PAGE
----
Tomase: Jayson Tatum and the birth of a superstar who has Celtics on brink of Finals

John Tomase
May 24, 2018 - 10:42 am
Jayson Tatum

Greg M. Cooper/USA Today Sports

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Jayson Tatum caught the ball with about four seconds on the shot clock and poured himself an iced tea.

Panic? Not this rookie. He shook J.R. Smith to draw a mismatch with Tristan Thompson on the left wing before going between his legs and stepping back to drill an 18-footer as the 24-second buzzer sounded.

The basket, which gave the Celtics a 15-point lead in Wednesday's Game 5 win over the Cavaliers, encapsulated everything remarkable about the 20-year-old as he navigates his first postseason as a primary scoring option.

"He's got game," said teammate Marcus Morris. "He's special. That's about it. You can see special talent over and over and over. He carries himself like a veteran. He's special."

Tatum led the Celtics with 24 points in Wednesday's victory, which left the C's just one win from a return to the NBA Finals for the first time since 2010. He nailed three 3-pointers, grabbed seven rebounds, and got it done on the defensive end, too, with four steals and two blocks.

It's enough to make one ask the question: what the hell happened to the rookie wall and why didn't Tatum ever hit it?

"I don't even believe that exists," said teammate Jaylen Brown. "I just think that's another barrier that society in the basketball world puts in place for you to slow down. 'Everybody hits the rookie wall.' Everybody doesn't hit a rookie wall. I don't think Ben Simmons or Donovan Mitchell hit one. I don't think Jayson Tatum did. Coming into the league thinking you're going to hit one, kind of putting that stifling on yourself, and you limit yourself. But JT, there ain't no limit for that."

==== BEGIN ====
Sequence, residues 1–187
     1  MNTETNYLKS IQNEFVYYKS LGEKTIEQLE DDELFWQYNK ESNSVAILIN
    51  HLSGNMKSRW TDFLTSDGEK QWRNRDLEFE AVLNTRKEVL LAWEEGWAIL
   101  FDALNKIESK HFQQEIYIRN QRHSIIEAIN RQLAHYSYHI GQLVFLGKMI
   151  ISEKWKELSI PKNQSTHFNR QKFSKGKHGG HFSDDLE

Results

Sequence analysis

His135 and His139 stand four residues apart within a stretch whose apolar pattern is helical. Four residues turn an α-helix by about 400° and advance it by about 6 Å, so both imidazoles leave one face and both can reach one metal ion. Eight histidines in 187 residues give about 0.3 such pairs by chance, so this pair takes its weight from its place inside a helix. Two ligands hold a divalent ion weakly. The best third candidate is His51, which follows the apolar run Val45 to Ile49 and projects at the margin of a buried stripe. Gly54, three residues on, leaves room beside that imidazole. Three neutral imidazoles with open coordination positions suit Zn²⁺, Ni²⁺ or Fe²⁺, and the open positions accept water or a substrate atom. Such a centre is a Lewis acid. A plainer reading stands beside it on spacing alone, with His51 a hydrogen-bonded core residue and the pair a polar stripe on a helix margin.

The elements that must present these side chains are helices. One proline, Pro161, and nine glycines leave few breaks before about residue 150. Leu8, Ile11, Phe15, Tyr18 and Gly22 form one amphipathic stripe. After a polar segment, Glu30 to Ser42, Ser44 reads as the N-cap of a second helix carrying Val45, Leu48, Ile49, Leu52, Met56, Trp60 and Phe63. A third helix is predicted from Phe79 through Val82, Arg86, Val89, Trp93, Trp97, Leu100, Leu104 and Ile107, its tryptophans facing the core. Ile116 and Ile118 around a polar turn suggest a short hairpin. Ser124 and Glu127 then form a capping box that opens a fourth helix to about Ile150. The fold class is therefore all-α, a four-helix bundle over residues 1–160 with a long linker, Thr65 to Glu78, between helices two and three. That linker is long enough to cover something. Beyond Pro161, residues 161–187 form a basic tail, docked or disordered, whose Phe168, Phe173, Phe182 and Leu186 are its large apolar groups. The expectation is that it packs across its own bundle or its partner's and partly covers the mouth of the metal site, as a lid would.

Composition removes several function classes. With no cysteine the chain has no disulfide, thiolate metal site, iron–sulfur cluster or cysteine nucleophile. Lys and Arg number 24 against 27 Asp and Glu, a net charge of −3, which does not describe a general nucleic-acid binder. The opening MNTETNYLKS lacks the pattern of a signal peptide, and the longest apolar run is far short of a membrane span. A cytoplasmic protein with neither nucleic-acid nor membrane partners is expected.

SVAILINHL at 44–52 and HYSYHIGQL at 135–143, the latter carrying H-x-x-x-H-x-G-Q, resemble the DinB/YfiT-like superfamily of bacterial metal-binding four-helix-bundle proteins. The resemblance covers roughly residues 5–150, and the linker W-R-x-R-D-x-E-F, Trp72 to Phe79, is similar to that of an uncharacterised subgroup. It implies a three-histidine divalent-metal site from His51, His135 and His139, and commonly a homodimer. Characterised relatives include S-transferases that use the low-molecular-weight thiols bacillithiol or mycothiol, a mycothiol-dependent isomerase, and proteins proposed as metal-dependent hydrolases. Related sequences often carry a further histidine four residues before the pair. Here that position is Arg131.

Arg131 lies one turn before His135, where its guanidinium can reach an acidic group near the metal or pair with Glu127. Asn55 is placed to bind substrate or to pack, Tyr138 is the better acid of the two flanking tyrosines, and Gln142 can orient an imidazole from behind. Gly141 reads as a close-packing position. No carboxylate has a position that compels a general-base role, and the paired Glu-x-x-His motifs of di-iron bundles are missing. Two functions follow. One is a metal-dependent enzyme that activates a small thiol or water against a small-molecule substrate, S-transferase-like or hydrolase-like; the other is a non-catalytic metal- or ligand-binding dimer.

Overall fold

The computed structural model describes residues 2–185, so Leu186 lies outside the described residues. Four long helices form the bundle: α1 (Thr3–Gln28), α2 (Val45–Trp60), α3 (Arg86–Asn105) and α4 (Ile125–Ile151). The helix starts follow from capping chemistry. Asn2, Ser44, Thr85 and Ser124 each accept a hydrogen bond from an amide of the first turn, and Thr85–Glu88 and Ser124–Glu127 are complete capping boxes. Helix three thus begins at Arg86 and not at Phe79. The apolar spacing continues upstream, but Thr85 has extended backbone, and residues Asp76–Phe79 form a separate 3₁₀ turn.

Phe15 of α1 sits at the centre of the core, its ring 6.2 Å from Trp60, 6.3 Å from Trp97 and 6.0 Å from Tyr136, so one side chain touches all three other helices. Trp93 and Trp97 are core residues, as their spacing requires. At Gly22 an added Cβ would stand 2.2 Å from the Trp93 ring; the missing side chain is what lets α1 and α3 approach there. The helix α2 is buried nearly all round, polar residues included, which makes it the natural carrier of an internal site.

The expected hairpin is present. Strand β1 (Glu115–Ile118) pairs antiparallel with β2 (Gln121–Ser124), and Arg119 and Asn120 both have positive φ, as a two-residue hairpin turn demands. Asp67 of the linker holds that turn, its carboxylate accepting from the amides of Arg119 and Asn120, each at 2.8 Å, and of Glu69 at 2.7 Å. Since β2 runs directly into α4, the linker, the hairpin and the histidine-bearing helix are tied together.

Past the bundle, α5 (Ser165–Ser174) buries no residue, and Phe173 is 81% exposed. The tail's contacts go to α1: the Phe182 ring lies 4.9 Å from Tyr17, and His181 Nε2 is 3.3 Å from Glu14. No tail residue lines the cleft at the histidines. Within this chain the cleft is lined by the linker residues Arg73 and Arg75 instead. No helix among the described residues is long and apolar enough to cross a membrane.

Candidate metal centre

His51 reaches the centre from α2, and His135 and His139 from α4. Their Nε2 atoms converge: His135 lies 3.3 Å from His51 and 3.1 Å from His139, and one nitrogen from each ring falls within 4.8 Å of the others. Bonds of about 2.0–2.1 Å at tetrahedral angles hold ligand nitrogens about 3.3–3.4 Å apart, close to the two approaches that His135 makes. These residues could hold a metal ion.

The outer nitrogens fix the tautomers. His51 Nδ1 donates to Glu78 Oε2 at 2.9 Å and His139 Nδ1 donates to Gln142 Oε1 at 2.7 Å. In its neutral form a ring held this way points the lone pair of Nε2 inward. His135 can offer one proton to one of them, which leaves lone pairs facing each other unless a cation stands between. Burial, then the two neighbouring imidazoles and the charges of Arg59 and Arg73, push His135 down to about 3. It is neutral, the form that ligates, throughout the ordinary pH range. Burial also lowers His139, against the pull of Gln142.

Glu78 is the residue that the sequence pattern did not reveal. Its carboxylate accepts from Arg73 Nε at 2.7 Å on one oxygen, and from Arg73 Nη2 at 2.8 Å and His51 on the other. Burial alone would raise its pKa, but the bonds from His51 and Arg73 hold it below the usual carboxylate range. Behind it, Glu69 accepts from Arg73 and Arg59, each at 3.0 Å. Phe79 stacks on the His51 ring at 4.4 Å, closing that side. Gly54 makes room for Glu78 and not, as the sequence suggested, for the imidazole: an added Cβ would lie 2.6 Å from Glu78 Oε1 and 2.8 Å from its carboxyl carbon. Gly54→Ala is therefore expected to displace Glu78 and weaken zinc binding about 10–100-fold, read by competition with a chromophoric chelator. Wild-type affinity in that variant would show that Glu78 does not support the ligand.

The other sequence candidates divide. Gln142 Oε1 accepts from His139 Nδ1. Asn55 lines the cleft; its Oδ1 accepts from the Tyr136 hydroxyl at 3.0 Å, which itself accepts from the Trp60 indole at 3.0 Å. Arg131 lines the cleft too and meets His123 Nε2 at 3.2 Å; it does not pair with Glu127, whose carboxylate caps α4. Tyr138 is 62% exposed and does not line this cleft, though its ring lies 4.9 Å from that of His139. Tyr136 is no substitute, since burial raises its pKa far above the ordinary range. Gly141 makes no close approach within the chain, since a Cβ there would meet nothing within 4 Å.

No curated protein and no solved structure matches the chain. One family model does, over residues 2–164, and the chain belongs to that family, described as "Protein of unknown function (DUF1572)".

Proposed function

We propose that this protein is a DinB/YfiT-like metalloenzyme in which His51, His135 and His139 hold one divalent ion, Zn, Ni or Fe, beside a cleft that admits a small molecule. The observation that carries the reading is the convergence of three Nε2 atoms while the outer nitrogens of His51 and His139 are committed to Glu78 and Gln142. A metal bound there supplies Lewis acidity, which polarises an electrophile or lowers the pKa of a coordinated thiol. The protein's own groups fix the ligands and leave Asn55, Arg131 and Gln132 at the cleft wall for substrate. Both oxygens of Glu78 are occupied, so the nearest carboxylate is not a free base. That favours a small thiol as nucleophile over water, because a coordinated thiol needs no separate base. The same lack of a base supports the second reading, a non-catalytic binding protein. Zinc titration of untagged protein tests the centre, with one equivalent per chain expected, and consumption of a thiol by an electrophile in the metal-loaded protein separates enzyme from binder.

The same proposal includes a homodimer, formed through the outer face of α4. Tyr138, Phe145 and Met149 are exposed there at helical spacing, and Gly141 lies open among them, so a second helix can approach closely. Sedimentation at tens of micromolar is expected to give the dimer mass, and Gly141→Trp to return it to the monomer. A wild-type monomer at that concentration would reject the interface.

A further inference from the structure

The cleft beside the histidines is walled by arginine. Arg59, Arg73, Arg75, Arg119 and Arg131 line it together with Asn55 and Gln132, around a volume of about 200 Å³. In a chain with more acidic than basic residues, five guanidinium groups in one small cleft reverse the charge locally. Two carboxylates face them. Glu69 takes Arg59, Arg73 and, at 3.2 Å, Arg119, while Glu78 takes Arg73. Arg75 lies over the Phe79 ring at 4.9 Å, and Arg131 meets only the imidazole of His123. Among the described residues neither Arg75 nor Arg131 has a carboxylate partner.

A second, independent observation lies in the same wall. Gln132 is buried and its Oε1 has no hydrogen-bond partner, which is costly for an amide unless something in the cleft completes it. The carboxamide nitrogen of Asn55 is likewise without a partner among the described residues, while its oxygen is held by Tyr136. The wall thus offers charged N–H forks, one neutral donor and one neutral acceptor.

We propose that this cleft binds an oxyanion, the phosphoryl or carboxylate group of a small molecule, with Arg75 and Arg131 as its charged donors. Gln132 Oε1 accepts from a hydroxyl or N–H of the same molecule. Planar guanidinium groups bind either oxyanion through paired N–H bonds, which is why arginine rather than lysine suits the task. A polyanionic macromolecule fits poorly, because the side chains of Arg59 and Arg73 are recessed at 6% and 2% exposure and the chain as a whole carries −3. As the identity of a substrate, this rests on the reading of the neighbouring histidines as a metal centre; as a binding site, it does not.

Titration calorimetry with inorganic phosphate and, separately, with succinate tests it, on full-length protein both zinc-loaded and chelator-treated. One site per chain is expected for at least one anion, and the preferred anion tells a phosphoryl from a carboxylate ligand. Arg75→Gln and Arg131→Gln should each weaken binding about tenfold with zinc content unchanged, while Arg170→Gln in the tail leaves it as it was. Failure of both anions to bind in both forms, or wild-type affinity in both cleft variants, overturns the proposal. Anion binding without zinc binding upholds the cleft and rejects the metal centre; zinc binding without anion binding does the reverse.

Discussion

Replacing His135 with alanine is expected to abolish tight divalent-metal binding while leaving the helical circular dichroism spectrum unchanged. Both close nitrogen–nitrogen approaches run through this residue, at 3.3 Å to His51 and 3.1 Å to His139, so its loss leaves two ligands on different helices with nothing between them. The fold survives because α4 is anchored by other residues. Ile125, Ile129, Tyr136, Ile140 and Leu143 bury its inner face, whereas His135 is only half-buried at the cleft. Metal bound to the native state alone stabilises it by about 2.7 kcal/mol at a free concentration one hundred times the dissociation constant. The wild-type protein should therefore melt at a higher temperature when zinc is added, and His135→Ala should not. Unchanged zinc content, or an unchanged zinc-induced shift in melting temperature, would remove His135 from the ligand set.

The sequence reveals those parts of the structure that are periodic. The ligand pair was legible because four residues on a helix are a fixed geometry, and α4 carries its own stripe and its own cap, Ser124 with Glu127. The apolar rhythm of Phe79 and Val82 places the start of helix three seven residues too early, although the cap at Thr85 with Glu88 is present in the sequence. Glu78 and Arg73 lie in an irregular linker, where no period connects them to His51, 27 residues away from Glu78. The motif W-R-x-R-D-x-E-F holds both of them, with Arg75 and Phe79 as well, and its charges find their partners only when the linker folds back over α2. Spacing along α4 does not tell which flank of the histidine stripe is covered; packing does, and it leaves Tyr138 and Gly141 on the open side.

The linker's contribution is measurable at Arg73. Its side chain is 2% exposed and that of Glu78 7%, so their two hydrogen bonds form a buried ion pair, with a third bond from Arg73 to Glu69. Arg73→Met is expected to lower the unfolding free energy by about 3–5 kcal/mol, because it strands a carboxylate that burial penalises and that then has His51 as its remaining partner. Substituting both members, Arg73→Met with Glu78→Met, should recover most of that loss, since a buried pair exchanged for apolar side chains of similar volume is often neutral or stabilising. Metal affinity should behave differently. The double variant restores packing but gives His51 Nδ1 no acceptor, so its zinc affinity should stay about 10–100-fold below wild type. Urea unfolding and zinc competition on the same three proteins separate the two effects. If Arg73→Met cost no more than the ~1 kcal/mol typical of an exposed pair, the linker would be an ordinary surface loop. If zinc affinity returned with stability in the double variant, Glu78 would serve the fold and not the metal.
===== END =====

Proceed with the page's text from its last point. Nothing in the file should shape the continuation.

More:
Tatum's postseason exploits have left him climbing some star-studded lists. He has now scored 312 points in the playoffs, fourth most for a rookie ever. On Wednesday, he passed Magic Johnson and Wilt Chamberlain, and he needs only 40 points to catch Kareem Abdul-Jabbar, who totaled 352 points (in only 10 games) as Lew Alcindor for the 1970 Bucks.

"I just enjoy playing in the big moments, in the big games," Tatum said. "I think that's when I have the most fun, when things are on the line. A lot of guys stepped up tonight. I can't say it enough: We're one win away from going to The Finals, especially after everything we've been through."

Tatum delivered a series of plays that head coach Brad Stevens would probably consider highlight reel. He beat LeBron James to a loose ball and then beat him to the rim for a layup without fear. He fronted James in the high post with force and stole a pass to start a fast break. He went around-the-back to take George Hill to the elbow, and then drilled a manly fallaway with a feathery touch.

Players in their age-19 seasons aren't supposed to do any of the above, but Tatum deleted that memo unopened.

"I think that we misuse the word development sometimes," Stevens said. "think we're in the business of enhancement. I think Jayson was ready to deal with everything that comes with this because of who he is and his family and all his coaches before, because he's a very emotionally steady, smart player that was going to perform at a high level above his age. I don't know that anybody could guess this as a rookie, but you knew he was going to be really good."

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